In reality this cunning British action, or rather inaction, punished the victim of Turkish separatism, i.e. the Greek majority population of the island. As for Selwyn Lloyd’s claim that 15,000 Cypriots would be employed and that the Bases will overall contribute 15-20 million pounds annually to the Cypriot economy, this was never the case. His House of Commons early statement was misleading to say the least.

What was actually the case was that the Republic of Cyprus suffered a deadly blow as a result of the Turkish invasion of 1974 – for details of the massive losses endured – of up to 70% of output please see our anniversary article below entitled July 1974 – July 2016: Wounds of Barbaric Turkish Invasion Still Unhealed. Britain failed remarkably to take action – as it should have done as a Guarantor Power – to prevent the massive Turkish destruction.

In the world of real politics, the result of late Bulent Ecevit’s visit to London – mid July 1974 – was a foregone conclusion: Harold Wilson, the Labour Prime Minister, by washing his hands in a Pontius Pilatus fashion, effectively gave Ecevit the green light to invade the island; a campaign of terror was unleashed by the invading Turkish Forces on the Greek population that can only be compared today to the ongoing one mounted by Islamist President Recep Tayyip Erdogan against his own population. Wouldn’t good old Harold Wilson know what was bound to happen in Cyprus if he would let the Turks have their own way? Mass murder, rape and unlawful detention of thousands of civilian Greek population – over 1500 persons still missing today? Of course he would! British intelligence was well aware of time honoured Turkish practices. Nevertheless, Wilson let those Turkish atrocities go on in Cyprus, in however an indirect way. He only ordered the British troops stationed in the Bases – which had been enjoying free use of the Cypriot roads and other facilities without paying any compensation for ten years already – to form a defensive block on the northern Dhekelia boundary just to make sure that the advancing Turkish forces would not touch the so called Eastern SBA. And indeed they did not, the Turks stopped short: to this day the ceasefire line is just north of the base boundary.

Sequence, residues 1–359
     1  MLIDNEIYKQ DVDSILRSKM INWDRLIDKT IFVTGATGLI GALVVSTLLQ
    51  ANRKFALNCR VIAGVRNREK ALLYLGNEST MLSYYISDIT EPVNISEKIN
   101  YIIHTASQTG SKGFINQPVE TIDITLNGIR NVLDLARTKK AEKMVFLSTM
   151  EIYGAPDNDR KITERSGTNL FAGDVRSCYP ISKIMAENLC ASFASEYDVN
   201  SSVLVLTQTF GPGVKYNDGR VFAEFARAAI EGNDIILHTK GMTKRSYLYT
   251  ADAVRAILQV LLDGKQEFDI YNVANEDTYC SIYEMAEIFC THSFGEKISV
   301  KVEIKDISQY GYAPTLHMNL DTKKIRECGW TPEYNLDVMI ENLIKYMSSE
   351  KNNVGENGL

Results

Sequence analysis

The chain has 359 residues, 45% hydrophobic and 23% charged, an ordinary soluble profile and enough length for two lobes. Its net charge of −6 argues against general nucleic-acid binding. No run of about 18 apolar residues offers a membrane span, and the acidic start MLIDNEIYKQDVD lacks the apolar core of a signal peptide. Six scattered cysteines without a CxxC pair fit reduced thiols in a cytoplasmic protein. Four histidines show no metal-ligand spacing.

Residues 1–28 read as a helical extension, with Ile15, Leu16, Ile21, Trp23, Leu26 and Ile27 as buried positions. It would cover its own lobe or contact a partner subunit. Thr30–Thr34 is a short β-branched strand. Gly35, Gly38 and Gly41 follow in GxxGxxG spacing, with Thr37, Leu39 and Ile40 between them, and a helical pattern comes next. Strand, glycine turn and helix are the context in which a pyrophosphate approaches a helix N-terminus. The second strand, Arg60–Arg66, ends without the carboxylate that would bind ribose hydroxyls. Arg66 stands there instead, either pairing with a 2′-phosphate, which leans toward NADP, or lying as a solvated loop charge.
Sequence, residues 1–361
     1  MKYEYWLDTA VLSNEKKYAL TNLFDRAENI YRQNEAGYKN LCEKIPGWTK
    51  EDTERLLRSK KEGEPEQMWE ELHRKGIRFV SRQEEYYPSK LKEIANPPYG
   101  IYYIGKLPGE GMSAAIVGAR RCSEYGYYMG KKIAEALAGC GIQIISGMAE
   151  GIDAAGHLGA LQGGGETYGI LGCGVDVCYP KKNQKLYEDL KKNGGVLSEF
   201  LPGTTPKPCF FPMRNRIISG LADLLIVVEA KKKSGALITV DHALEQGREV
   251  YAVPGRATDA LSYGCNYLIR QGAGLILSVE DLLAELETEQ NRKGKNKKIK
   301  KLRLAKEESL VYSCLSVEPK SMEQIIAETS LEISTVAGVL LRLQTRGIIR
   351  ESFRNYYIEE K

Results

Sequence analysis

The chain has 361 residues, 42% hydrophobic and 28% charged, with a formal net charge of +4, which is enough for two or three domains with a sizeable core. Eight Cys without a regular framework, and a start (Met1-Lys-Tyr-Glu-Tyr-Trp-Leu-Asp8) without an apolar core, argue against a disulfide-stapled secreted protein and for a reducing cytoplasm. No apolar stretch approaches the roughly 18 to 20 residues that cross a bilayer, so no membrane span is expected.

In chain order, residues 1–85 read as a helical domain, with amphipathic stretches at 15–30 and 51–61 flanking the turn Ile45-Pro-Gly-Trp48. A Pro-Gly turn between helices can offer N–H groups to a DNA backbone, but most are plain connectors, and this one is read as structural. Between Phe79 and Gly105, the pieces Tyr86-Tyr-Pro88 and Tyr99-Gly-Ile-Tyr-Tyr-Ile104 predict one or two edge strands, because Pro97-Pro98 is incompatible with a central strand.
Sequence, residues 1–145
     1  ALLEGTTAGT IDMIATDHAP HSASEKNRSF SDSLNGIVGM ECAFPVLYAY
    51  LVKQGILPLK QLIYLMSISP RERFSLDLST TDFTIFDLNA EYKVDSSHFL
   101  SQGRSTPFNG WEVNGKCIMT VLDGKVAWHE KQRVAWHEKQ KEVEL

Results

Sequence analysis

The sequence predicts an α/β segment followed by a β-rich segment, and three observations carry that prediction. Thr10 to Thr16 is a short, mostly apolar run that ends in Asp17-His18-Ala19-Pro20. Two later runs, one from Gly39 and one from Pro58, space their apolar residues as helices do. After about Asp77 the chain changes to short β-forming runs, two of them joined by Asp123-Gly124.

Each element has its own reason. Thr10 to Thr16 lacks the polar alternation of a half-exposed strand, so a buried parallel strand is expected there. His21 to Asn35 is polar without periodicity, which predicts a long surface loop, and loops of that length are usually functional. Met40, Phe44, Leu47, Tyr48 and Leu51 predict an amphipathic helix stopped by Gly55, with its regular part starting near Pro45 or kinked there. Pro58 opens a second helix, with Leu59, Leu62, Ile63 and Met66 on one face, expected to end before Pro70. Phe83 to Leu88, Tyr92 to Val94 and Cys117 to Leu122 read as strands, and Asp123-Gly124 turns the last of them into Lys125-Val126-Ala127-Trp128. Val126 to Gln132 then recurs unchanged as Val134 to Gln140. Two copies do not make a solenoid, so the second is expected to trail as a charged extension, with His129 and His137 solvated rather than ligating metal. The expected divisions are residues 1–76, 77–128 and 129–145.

Britain has a lot to answer on its Cyprus record. With the wounds of the Turkish invasion still felt deep on the Cypriot body, Spyros Kyprianou government tabled the issue of compensation/financial assistance with the new Conservative government led by Margaret Thatcher. True to her reputation as Iron Lady, late Lady Thatcher dismissed the factually backed Cypriot claim for a financial grant of 200 million pounds. The relevant Cypriot document was well prepared by then Minister of Finance Andreas Patsalides forwarded to London via the British High Commission in Nicosia. Subsequently, in an official visit to the British capital, the Cypriot high level delegation comprised of President Kyprianou and Foreign Minister Nicos Rolandis – incidentally, the only official still alive who can testify the record – put the 200 million pound claim in direct talks with Margaret Thatcher.

The size of the claim was premised on the 1960 British Government undertaking in the House of Commons that the RoC should be assisted in grants according to its current needs. Consequently, with the wounds of the barbaric Turkish invasion bleeding torrentially, the needs of the RoC to get its feet back on the ground overgrew – with British indirect connivance. The Iron Lady turned down the claim counter-offering a ‘soft loan of only seven million pounds’ as Nicos Rolandis revealed to the author. Distraught, as they had been, the Cypriot leaders sustained another blow, leaving 10 Downing Street empty handed.

The Cypriot claim to a just and long overdue financial grant by the UK for the uninterrupted use of the bases, the host of other military and intelligence related installations on Cypriot soil and in addition the use of land, sea and air routes of the RoC has never been tabled since the 1980 high level meeting in London.

It is high time that the Cypriot government raised again the issue of a grant, which by now even with low estimates of annual compensation, should be running into billions. More so now that the British government of Teresa May is determined to exit the EU following the Brexit referendum.

Cyprus, which stays firmly in the EU, has its own facilities to offer in the CESDP in the region. We shall be addressing this crucial point in the following months.